The head of Egypt's Coptic Christian community, Pope Shenouda III, is calling for calm after another night of sporadic demonstrations and clashes with police. The violence follows a church bombing that killed 23 people Saturday in Alexandria.
Following sporadic overnight clashes and demonstrations in the Egyptian capital, Cairo, many politicians and religious leaders have been calling for calm.
On again, off again clashes between angry Coptic Christians and Egyptian security forces have increased tensions in parts of the city.
Pope Shenouda III, who leads Egypt's estimated 10 million Coptic Christians, is urging his followers to stay calm. He is denouncing what he calls "rabble rousers".
He says that all problems can be solved through peaceful means, rather than by belligerence and tumult. He adds that people other than Copts have infiltrated demonstrations about the church bombing, even though they have nothing to do with the matter. He complains that these people have gone beyond what is polite and acceptable and used violence, which is not a trait of Copts.
Pope Shenouda blames the disturbances on socio-economic conditions that have made many Egyptians desperate.
He says that people can be manipulated or pushed to behave rashly through poverty or hunger. He argues that such ongoing problems must be solved calmly and with all available means.
The Coptic pope alluded to some of the grievances of his community against the government, complaining that it has not treated Copts fairly.
He says he believes in a society of law, and a society without law will be in turmoil. He says the law must be fair and treat everyone equally, and added any law that harms part of the population must be corrected.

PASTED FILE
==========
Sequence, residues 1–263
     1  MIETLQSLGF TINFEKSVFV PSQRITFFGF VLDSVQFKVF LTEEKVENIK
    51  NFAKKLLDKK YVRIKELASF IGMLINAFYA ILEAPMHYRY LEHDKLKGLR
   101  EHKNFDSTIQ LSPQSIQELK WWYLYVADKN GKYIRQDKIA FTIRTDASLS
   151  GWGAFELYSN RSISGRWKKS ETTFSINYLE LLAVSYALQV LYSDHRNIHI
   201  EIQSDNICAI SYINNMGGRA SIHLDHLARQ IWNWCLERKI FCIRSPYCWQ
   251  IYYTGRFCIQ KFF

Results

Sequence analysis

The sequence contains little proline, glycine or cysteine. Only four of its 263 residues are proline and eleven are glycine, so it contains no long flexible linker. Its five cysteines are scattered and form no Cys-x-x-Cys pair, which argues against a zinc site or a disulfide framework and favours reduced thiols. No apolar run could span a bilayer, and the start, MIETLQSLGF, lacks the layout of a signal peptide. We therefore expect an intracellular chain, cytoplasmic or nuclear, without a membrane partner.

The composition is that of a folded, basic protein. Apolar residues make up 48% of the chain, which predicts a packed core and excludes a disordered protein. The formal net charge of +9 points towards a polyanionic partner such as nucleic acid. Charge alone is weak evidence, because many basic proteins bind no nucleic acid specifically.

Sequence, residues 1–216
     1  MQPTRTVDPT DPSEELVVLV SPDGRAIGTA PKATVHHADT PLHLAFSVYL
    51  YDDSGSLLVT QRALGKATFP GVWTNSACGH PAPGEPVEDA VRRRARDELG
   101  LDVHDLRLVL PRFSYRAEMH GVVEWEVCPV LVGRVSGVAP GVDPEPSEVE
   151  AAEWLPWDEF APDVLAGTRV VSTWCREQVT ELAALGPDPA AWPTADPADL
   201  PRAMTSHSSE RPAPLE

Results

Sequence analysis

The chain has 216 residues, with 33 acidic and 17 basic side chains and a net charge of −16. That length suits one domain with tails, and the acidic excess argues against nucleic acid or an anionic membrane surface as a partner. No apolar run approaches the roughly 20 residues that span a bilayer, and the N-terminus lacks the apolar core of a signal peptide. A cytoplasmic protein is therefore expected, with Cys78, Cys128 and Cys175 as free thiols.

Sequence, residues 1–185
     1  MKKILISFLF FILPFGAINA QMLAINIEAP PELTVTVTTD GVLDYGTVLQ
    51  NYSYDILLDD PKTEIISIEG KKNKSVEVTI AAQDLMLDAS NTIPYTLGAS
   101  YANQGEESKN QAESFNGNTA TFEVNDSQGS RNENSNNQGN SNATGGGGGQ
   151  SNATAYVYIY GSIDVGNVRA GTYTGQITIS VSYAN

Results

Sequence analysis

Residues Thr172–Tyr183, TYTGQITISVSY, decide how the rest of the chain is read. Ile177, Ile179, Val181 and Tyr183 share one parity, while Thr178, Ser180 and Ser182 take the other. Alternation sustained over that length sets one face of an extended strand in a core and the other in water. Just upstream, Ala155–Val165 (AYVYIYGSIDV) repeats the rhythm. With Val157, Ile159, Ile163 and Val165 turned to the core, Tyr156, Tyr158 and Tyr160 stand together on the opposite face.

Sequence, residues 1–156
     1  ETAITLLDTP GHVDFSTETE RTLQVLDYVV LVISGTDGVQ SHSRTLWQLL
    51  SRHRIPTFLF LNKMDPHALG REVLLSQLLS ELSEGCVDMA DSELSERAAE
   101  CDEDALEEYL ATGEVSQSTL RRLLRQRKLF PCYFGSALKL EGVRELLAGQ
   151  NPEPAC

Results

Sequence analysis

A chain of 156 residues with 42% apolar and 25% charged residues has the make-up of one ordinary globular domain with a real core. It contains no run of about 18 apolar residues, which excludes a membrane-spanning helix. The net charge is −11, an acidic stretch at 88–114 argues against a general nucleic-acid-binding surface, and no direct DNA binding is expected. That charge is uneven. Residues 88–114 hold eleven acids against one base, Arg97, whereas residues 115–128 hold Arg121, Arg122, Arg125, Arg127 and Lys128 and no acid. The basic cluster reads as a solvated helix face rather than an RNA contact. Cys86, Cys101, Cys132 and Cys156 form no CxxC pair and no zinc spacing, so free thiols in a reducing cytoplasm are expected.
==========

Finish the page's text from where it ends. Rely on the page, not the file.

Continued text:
Copts have repeatedly complained about discrimination against them in employment, building of churches, and in laws concerning individuals who have converted to Christianity. Coptic attorney Naguib Gobrail mentions several of those demands.
He says Copts are asking President Hosni Mubarak to increase security and reach agreements over building and repairing churches, including adopting a single law applicable to both churches and mosques.
Veteran Egyptian publisher and editor Hisham Kassem says the situation is worrisome.
"I have never seen anything of this magnitude before," said Kassem. "But, again, a terrorist attack is a terrorist attack. We still do not know who did it, and terrorist attacks cannot permanently be prevented. There definitely is failure on the part of the Ministry of the Interior, but that is another story."
Kassem adds discriminatory practices against Copts are making the situation explosive.
He notes that few Copts are given prominent positions in the government and says anyone can build a mosque in a public park, overnight, but it can take years to get a permit just to repair a church.
The Egyptian government has deployed security forces around most churches in major towns and cities and cancelled leave for top officers as the country prepares for Coptic Christmas on January 7. Security has also been tightened at airports and ports to monitor the arrival or departure of suspected terrorists.
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